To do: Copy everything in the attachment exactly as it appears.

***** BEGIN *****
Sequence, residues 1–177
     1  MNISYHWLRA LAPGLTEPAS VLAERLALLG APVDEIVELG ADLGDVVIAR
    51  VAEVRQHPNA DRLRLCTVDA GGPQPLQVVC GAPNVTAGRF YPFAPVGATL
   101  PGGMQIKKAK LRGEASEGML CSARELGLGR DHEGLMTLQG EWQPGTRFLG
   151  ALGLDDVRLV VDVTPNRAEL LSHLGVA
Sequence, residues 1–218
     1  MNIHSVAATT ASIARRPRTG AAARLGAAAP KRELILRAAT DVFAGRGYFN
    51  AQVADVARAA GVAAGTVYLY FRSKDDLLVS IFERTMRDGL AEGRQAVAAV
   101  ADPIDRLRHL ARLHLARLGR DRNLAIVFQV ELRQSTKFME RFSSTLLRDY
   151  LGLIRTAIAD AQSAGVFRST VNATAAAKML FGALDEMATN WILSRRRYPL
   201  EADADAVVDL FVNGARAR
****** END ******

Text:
Sequence, residues 1–177
     1  MNISYHWLRA LAPGLTEPAS VLAERLALLG APVDEIVELG ADLGDVVIAR
    51  VAEVRQHPNA DRLRLCTVDA GGPQPLQVVC GAPNVTAGRF YPFAPVGATL
   101  PGGMQIKKAK LRGEASEGML CSARELGLGR DHEGLMTLQG EWQPGTRFLG
   151  ALGLDDVRLV VDVTPNRAEL LSHLGVA
Sequence, residues 1–218
     1  MNIHSVAATT ASIARRPRTG AAARLGAAAP KRELILRAAT DVFAGRGYFN
    51  AQVADVARAA GVAAGTVYLY FRSKDDLLVS IFERTMRDGL AEGRQAVAAV
   101  ADPIDRLRHL ARLHLARLGR DRNLAIVFQV ELRQSTKFME RFSSTLLRDY
   151  LGLIRTAIAD AQSAGVFRST VNATAAAKML FGALDEMATN WILSRRRYPL
   201  EADADAVVDL FVNGARAR